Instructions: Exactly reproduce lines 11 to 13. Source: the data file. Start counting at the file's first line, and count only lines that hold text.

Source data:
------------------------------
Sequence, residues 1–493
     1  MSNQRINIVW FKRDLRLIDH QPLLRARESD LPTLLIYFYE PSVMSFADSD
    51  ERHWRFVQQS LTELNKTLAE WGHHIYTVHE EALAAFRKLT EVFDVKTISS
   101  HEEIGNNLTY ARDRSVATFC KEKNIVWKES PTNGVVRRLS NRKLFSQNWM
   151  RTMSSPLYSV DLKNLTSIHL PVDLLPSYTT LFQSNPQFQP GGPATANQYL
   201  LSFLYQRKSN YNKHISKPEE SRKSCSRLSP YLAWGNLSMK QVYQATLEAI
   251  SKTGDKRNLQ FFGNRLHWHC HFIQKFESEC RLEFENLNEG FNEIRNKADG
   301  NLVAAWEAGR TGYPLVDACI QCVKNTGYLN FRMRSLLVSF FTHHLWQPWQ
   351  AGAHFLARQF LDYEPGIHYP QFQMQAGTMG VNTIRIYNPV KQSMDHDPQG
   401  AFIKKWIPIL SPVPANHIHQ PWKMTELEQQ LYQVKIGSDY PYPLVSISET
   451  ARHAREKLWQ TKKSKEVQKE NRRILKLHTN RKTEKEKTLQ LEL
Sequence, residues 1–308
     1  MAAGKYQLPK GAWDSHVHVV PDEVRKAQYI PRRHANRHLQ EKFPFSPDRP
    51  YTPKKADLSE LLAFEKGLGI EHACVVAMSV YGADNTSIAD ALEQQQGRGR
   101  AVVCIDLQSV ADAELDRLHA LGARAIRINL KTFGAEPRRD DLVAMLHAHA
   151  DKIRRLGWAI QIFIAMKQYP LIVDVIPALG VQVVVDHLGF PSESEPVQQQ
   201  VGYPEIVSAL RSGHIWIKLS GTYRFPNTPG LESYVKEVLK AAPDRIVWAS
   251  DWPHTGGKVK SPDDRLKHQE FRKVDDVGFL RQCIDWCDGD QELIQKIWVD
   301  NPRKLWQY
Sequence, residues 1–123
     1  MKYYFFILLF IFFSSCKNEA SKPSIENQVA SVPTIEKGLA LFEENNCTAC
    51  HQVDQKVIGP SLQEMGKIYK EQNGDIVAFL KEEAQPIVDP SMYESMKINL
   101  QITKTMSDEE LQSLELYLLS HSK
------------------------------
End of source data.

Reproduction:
   451  ARHAREKLWQ TKKSKEVQKE NRRILKLHTN RKTEKEKTLQ LEL
Sequence, residues 1–308
     1  MAAGKYQLPK GAWDSHVHVV PDEVRKAQYI PRRHANRHLQ EKFPFSPDRP